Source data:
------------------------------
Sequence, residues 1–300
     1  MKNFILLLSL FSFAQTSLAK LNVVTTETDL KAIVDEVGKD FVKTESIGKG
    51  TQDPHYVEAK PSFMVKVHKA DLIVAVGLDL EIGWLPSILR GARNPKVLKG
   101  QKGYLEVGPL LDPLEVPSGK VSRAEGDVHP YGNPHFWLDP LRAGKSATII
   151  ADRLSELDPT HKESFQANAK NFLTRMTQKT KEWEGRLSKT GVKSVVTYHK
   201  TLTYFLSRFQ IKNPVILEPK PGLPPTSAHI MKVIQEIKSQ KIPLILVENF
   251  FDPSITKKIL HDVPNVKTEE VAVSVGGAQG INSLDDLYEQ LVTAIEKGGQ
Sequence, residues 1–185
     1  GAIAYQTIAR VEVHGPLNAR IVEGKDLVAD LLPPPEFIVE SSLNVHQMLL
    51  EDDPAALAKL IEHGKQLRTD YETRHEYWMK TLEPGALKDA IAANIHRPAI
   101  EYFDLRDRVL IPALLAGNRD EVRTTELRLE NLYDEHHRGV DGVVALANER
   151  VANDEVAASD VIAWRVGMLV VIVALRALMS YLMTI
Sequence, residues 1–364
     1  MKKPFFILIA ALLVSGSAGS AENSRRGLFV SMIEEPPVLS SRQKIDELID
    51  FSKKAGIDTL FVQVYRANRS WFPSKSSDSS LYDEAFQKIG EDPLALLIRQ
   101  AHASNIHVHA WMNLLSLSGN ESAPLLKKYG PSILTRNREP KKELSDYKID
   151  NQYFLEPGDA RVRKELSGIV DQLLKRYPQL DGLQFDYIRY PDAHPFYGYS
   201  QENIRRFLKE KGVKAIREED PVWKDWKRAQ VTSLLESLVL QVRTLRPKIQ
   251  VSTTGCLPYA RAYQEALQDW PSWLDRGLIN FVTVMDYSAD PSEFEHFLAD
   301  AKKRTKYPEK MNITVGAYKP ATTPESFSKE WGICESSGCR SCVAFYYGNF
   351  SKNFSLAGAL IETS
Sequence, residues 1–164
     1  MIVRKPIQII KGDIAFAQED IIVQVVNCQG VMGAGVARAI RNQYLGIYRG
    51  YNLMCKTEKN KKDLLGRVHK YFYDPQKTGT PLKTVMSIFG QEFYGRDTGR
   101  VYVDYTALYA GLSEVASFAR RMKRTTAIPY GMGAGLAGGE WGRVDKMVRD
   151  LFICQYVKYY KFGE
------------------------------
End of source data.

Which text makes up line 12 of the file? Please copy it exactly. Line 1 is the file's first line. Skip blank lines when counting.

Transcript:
   151  VANDEVAASD VIAWRVGMLV VIVALRALMS YLMTI